by Bill McBride on 1/27/2014 11:35:00 AM
Monday, January 27, 2014
Earlier: New Home Sales at 414,000 Annual Rate in December
Although sales in December were weak, the Census Bureau reported annual sales were up 16.4% from 2012. This was the highest level for sales since 2008, but still the sixth worst year on record.
Sales would have been higher in 2013, except some homebuilders were land constrained (not enough entitled land), and many homebuilders pushed prices sacrificing a little volume. Still a 16% annual increase in sales is solid growth.
This table shows the annual sales rate for the last ten years.
|Annual New Home Sales|
|Year||Sales (000s)||Change in Sales|
Even with the sharp increase in sales over the last two years, 2013 was the sixth worst year for new home sales since 1963.
The sales rate was only lower than 2013 in the worst housing bust years of 2009 through 2012, and the worst year of early '80s recession (1982).
|Worst Years for New Home Sales since 1963|
|Rank||Year||New Home Sales (000s)|
Based on estimates of household formation and demographics, I expect sales to increase to 750 to 800 thousand over the next several years - substantially higher than the 428 thousand sales in 2013. This suggests significant upside over the next several years. So I expect the housing recovery to continue.
Note: Inventories of completed and "under construction" homes are still historically low. The Census Bureau reported 40 thousand completed homes for sale, just above the record low set in June 2013. And there were 97 thousand homes "under construction" in December, well below the median of 185 thousand over the last 40 years. So there are no concerns about too much inventory (inventory is probably too low in some areas).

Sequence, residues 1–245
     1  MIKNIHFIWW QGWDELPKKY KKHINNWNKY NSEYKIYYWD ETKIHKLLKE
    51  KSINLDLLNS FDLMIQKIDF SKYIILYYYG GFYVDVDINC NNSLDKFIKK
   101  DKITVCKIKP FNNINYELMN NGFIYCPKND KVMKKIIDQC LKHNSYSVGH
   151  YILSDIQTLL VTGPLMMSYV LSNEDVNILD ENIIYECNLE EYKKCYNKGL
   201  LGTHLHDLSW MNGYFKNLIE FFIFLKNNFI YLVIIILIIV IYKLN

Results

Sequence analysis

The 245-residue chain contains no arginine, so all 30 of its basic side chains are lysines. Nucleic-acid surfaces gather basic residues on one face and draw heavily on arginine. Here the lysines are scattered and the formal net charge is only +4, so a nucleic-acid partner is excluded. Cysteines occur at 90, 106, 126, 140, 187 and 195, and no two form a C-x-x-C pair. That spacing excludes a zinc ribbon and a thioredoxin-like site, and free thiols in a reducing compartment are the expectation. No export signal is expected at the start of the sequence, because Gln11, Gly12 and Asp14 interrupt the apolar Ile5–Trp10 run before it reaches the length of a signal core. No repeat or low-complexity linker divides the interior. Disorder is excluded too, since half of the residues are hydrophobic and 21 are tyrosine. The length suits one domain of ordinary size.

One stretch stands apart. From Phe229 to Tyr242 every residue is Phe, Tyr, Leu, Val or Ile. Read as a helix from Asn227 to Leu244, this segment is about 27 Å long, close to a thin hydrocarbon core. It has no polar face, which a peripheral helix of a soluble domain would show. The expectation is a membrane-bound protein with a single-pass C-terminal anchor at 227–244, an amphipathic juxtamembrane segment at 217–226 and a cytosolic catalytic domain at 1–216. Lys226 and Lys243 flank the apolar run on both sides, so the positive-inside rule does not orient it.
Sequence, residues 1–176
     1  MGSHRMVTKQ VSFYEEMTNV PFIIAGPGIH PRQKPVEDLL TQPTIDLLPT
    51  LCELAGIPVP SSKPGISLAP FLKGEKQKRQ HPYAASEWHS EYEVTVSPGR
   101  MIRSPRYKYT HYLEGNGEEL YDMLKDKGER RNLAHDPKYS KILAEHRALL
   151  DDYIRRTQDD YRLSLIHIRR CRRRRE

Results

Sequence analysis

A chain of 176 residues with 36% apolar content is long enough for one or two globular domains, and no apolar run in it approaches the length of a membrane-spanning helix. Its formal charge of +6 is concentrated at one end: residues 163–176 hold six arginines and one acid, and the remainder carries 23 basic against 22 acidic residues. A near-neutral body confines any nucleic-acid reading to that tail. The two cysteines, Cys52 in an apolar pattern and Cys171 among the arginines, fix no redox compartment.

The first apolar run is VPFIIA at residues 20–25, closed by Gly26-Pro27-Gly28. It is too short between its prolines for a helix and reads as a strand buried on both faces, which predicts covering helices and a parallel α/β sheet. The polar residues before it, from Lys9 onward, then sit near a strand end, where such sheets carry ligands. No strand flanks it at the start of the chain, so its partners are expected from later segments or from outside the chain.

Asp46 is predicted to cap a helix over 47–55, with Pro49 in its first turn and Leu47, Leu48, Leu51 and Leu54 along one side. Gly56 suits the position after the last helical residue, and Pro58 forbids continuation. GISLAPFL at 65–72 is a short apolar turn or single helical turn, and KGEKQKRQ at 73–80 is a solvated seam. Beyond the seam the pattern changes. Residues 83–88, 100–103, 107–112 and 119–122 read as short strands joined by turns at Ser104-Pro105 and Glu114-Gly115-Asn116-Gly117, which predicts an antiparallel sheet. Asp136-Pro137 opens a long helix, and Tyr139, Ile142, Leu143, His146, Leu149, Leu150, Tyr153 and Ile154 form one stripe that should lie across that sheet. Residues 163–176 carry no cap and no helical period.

And here is another update to the "distressing gap" graph that I first started posting over four years ago to show the emerging gap caused by distressed sales. Now I'm looking for the gap to close over the next few years.
Click on graph for larger image.
The "distressing gap" graph shows existing home sales (left axis) and new home sales (right axis) through December 2013. This graph starts in 1994, but the relationship has been fairly steady back to the '60s.
Following the housing bubble and bust, the "distressing gap" appeared mostly because of distressed sales. The flood of distressed sales kept existing home sales elevated, and depressed new home sales since builders weren't able to compete with the low prices of all the foreclosed properties.
I expect existing home sales to decline some (distressed sales will slowly decline and be partially offset by more conventional sales). And I expect this gap to close - mostly from an increase in new home sales.
Note: Existing home sales are counted when transactions are closed, and new home sales are counted when contracts are signed. So the timing of sales is different.